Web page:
When the Europeans began their invasion of the Americas, the Cherokees were an agricultural people whose villages could be found throughout the American Southeast. Cherokee families were based on matrilineal clans. Matrilineal clans are extended family groups with names, tradition, and oral history. Membership in each clan is through the mother: you belong to your mother’s clan. To be without a clan was to be without human identity. The clan is also exogamous, which means people cannot marry a person from their own clan.
With regard to the Cherokee family, historian John Finger, in his book The Eastern Band of Cherokees 1819-1900, says:
“Most incomprehensible of all to non-Indians was the Cherokee family system.”
With regard to inheritance, the matrilineal system meant that children did not inherit from their fathers. Instead, men had a special relationship with their nephews – their sisters’ children – as these were members of their clan.
Folklorist George Lankford, in his book Native American Legends: Southeastern Legends: Tales from the Natchez, Caddo, Biloxi, Chickasaw, and Other Nations, writes:
“Another consequence of matrilineality, which both outraged and delighted Europeans, was that unmarried women were free to seek pleasure or children from anyone they chose.”
The Cherokee had seven clans:
- Blue: (A ni sa ho ni) Also known as the Panther or Wild Cat clan
- Long Hair: (A ni gi lo hi) The Peace Chief was usually from this clan
- Bird: (A ni tsi s kwa)
- Paint: (A ni wo di) Many of the medicine people were from this clan
- Deer: (A ni ka wi)
- Wild Potato: (A ni ga to ge wi) Also known as the Bear, Racoon, or Blind Savannah clan
- Wolf: (A ni wa yah) Many war chiefs came from this clan
Looking at the Cherokee clans from a legal perspective, law professor John Reid, in his book A Law of Blood: The Primitive Law of the Cherokee Nation, reports:
“Clanship was the most fundamental of all Cherokee legal rights. Membership was too exact to be legally challenged.”
Fathers had no official relationship to their children because their children belonged to a different clan. Fathers might love their children and provide them with some care, but still the children belonged to the mother’s clan. A father did not have the right to punish his children. In fact, if a father were to harm his children, the children’s clan (that is, the clan of their mother) could hold him responsible.
The traditional roles of uncles—more specifically, the mother’s brothers—was very important in Cherokee culture. Law professor John Reid writes:
“Avuncular responsibility was the keystone of Cherokee education. So too was avuncular authority.”
For a young boy, this meant that the most important men in his childhood were his uncles, not his father. In her book Seven Clans of the Cherokee Society, Marcelina Reed writes:
“The primary responsibility for discipline and instruction in hunting and warfare rested not with the child’s father but with his maternal uncle.”
Law professor John Reid puts it this way:
“The uterine uncle was, by necessity of law as well as social custom, the disciplinary and tutorial authority in the family.”
If there was no blood uncle, then another male from the mother’s clan would assume these duties (known as a classificatory uncle).
Among the Cherokee, individuals were not allowed to marry members of their own clan or members of their father’s clan. They were, however, encouraged to marry members of their maternal grandfather’s clan or their paternal grandfather’s clan. In general, marriage was regulated by the women of the village.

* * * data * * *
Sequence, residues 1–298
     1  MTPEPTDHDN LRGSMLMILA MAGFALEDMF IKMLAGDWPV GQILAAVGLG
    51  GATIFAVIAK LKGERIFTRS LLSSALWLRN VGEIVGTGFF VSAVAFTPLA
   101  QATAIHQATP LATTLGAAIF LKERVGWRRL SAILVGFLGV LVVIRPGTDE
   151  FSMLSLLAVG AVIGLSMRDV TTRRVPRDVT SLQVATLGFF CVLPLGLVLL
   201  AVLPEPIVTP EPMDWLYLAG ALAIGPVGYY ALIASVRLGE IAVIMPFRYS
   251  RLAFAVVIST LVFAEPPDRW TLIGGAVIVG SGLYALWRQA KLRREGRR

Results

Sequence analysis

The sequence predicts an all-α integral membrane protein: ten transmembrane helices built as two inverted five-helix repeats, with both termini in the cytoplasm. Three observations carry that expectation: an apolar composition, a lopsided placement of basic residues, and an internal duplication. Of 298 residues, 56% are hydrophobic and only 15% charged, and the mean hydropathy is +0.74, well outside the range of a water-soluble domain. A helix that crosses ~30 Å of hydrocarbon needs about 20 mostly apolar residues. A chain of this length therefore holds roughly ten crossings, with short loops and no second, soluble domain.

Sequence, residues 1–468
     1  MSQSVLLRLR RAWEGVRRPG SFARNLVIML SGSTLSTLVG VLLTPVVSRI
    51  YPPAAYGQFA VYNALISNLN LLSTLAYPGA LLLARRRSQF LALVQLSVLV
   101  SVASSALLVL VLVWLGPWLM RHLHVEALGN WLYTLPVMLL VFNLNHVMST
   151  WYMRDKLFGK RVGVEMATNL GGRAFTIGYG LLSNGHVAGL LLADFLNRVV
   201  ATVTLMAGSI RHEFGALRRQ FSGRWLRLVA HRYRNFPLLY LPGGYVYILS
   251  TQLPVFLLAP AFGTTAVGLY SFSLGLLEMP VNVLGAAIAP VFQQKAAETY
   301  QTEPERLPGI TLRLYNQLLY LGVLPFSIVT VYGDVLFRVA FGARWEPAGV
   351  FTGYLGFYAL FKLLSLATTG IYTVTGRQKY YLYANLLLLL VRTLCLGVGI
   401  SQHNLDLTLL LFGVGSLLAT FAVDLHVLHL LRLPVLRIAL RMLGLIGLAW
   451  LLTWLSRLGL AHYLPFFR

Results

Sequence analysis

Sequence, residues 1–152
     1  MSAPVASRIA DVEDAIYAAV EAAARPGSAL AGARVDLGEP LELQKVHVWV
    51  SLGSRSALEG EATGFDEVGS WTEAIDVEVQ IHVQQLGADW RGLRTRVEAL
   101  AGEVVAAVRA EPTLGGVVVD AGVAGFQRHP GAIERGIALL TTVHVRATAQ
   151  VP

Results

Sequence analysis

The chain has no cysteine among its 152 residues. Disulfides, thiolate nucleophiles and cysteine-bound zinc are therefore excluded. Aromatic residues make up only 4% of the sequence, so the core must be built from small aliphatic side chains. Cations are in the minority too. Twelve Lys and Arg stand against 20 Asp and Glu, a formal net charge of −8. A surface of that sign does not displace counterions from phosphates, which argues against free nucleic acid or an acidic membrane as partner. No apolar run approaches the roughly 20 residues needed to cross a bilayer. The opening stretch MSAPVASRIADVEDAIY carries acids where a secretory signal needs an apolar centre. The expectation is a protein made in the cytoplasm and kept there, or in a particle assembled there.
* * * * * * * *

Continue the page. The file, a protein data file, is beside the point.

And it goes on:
Marriage was not seen as a binding contract and divorce was common. In his book The Qualla Cherokee: Surviving in Two Worlds, sociologist Laurence French writes:
“Monogamous marriages were of short duration among the early Cherokee with some sources suggesting that it was not unusual for individuals to change spouses as frequently as three or four times a year.”
In their book The Columbia Guide to American Indians of the Southeast, Theda Perdue and Michael Green report:
“When marriages dissolved, husbands simply left their wives and children, who were not blood relatives, and returned to the houses of their mothers and sisters.”
In examining the non-Indian notion that Cherokee girls could be required to marry someone, law professor John Reid writes:
“Cherokee marriage was not binding on either husband or wife, and to imagine that a girl could be compelled to wed ignores the fact that no relative—neither her mother, her uncles, nor her brothers—exercise compulsory authority over her.”
Cherokee men often married women from outside of their own village. The men were expected to live in their wives’ village (matrilocal residence).
Premarital chastity was unusual and there were no cultural prohibitions against fornication or adultery.
Among the Cherokee, a widow was encouraged to marry the brother of her deceased husband. Similarly, a widower was expected to marry the sister of his deceased wife.
The Cherokee wedding ceremony was brief and simple. According to Grace Steele Woodward, in her book The Cherokees:
“The ritual merely entailed the exchange of gifts, in lieu of vows, between a bride and her groom, and lasted but half an hour.”
Children and Birthing
With regard to Cherokee child birth, historian Theda Perdue, in her book Cherokee Women: Gender and Culture Change, 1700-1835, reports:
“During delivery, a woman stood, knelt, or sat, but she never gave birth lying down. Usually no one bothered to catch the baby, who simply fell on leaves beneath the mother.”
It was a good omen if the child fell on its back and a bad omen if the child fell on its breast.
Among the Cherokee as well as the other tribes, deformed infants were simply abandoned in the woods. Infanticide was used as a means for controlling population growth. Among the Cherokee, however, only the mother had the right to abandon a child.